Credit markets face challenges but there are opportunities for schemes finds Lynn Strongin Dodds
While the death knell is being rung for the 30-year bull bond market, the credit markets are still alive and kicking. However, selectivity is the key as political risk circles overhead and the Federal Reserve is set for multiple interest rate hikes while the European Central Bank (ECB) is poised to slowly wind down quantitative easing.
"We are definitely coming to an end and the idea that a rising tide lifts all boats is over," says Mirabaud Asset Management fixed income portfolio manager Fatima Luis. "However, we continue to see strong demand from institutional investors because credit is still attractive as a return seeking and liability matching part of the portfolio. The difference today is that the focus has switched to income versus capital appreciation because the returns are unlikely to be as high as last year."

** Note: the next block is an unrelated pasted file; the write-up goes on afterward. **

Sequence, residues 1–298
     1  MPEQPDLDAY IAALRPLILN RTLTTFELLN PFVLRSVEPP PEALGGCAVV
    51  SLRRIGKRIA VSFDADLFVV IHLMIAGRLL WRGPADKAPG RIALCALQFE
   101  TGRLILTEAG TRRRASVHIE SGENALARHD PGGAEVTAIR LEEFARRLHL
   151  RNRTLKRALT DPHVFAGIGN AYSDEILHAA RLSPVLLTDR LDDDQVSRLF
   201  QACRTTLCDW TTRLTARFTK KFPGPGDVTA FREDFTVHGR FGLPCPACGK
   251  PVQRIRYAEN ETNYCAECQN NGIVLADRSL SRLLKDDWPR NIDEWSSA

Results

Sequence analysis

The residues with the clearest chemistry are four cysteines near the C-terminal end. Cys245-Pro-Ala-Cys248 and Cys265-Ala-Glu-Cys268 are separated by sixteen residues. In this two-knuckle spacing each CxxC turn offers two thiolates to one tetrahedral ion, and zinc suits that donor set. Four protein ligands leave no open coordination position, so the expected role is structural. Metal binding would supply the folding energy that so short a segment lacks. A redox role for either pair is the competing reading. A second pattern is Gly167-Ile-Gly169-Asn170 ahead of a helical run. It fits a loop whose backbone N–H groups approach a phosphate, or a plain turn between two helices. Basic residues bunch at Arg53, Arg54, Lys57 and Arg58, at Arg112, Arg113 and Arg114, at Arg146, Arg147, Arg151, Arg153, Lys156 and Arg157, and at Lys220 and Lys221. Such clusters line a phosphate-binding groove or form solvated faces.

JP Morgan Asset Management investment grade portfolio manager Andreas Michalitsianos also agrees that valuations look high against the historic average but notes it is still a reasonably attractive asset class given the upturn in economic data.
In fact, despite the image of a stagnant, sluggish region, the eurozone surprised the pundits by ratcheting up 14 consecutive quarters of growth while the unemployment rate has returned to single digits. It also outpaced the US last year, for the first time since the financial crisis broke in 2008, with a 1.7% increase compared to the 1.6% registered across the Atlantic.